Antibiotic resistance in foodborne germs, an ongoing public health threat, showed both positive and troubling trends, according to data tracked by the Centers for Disease Control and Prevention (CDC) in 2012.
Each year, antibiotic-resistant infections from foodborne germs cause an estimated 430,000 illnesses in the US.
Multi-drug resistant salmonella, from food and other sources, causes about 100,000 illnesses in the country each year.
The most recent data showed that salmonella decreased during the past 10 years and resistance to two important groups of drugs – cephalosporins and fluoroquinolones – remained low in 2012.
However, in salmonella typhi, the germ that causes typhoid fever, resistance to quinolone drugs increased to 68% in 2012, raising concerns that one of the common treatments for typhoid fever may not work in many cases.
About one in five salmonella Heidelberg infections was resistant to ceftriaxone, a cephalapsorin drug.
This is the same salmonella serotype that has been linked to recent outbreaks associated with poultry.
Ceftriaxone resistance is a problem because it makes severe salmonella infections harder to treat, especially in children, says CDC.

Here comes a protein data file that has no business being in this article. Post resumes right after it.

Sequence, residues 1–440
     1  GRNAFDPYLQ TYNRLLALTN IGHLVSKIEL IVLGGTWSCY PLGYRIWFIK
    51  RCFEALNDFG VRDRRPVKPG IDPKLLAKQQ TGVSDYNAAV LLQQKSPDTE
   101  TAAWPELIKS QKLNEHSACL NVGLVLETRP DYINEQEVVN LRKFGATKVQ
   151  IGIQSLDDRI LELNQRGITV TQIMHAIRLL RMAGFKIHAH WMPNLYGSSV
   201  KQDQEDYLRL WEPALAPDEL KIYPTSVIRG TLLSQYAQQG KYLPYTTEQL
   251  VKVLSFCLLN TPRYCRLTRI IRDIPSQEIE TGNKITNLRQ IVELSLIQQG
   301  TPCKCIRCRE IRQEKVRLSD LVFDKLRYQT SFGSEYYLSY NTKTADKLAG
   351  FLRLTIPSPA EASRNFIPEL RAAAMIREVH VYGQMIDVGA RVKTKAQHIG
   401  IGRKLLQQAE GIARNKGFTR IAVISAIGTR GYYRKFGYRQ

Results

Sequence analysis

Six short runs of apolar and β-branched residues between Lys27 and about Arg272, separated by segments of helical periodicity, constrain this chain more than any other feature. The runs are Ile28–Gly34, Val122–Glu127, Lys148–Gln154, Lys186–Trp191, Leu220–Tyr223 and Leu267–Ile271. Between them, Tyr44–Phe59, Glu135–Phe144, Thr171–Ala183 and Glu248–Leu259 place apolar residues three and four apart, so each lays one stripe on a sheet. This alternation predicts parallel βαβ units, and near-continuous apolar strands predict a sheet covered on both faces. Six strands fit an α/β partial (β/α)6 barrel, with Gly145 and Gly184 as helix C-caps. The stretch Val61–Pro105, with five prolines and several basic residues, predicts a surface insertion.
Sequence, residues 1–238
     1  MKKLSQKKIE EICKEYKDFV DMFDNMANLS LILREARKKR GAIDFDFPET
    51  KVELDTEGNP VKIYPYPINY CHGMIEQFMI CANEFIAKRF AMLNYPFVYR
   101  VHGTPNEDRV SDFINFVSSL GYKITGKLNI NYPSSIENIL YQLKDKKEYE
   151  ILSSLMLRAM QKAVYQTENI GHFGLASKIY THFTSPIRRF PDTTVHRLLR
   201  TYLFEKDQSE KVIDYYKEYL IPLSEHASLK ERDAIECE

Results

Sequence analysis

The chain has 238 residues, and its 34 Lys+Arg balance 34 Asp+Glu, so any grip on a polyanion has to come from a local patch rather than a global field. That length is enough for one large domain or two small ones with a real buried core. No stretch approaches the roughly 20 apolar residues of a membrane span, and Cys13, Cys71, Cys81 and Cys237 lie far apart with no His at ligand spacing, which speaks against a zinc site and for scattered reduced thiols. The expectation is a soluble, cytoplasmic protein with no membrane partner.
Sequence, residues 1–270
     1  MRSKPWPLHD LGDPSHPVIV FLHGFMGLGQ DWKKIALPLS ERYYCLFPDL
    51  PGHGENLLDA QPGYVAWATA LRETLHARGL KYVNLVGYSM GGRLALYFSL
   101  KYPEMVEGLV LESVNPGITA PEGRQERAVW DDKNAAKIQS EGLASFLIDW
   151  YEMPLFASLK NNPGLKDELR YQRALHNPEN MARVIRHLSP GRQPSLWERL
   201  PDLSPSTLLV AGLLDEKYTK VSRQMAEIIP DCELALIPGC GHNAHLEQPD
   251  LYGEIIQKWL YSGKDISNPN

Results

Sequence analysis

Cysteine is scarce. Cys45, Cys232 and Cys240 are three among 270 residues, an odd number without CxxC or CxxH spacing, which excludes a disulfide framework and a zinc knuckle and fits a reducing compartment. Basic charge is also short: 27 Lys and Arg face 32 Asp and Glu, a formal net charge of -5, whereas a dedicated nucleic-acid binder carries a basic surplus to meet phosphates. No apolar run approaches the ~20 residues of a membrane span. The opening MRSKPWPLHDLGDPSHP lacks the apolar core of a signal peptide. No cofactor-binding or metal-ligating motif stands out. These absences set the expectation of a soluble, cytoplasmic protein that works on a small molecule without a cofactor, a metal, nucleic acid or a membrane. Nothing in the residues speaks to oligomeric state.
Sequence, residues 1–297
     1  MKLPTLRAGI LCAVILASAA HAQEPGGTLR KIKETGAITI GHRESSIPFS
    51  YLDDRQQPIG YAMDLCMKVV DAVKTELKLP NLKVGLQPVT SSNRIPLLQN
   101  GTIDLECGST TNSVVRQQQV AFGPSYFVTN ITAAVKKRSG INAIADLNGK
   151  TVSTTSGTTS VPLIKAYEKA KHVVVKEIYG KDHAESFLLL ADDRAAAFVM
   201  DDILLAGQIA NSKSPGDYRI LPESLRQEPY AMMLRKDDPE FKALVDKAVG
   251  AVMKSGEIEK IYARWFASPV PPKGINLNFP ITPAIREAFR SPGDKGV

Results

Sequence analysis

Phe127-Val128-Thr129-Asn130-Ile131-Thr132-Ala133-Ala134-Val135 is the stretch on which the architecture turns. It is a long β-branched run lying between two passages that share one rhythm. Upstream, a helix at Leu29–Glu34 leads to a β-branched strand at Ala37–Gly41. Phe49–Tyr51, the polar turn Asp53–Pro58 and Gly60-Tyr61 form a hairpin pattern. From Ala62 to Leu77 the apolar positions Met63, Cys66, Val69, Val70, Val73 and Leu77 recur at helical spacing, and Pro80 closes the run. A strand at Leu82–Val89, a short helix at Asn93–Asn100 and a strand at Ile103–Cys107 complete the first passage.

The data are part of the latest report of the National Antimicrobial Resistance Monitoring System (NARMS), a tri-agency surveillance system that has tracked antibiotic resistance in humans (CDC), retail meats (Food and Drug Administration), and food animals (US Department of Agriculture) since 1996.
The report from CDC NARMS compares resistance levels in human samples in 2012 to a baseline period of 2003-2007.
“Our latest data show some progress in reducing resistance among some germs that make people sick but unfortunately we’re also seeing greater resistance in some pathogens, like certain types of salmonella,” said Robert Tauxe, deputy director of CDC’s division of foodborne, waterborne, and environmental diseases.
“Infections with antibiotic-resistant germs are often more severe. These data will help doctors prescribe treatments that work and to help CDC and our public health partners identify and stop outbreaks caused by resistant germs faster and protect people’s health.”
Among the other findings in the 2012 report:
•Campylobacter resistance to ciprofloxacin remained at 25%, despite FDA’s 2005 withdrawal of its approval for the use of enrofloxacin in poultry.
Ciprofloxacin and enrofloxacin are both in the fluoroquinolone class of drugs.
•Shigella resistance to ciprofloxacin (2%) and azithromycin (4%) is growing.
However, no shigella strains were resistant to both drugs.
•Although fluoroquinolone resistance remained low in 2012, salmonella enteritidis – the most common salmonella type – accounted for 50% of infections resistant to the fluoroquinolone drug nalidixic acid, which is used in laboratory testing for resistance.
Resistance to nalidixic acid relates to decreased susceptibility to ciprofloxacin, a widely used fluoroquinolone drug.
Other work shows that many of the nalidixic acid resistant salmonella enteritidis infections are acquired during travel abroad.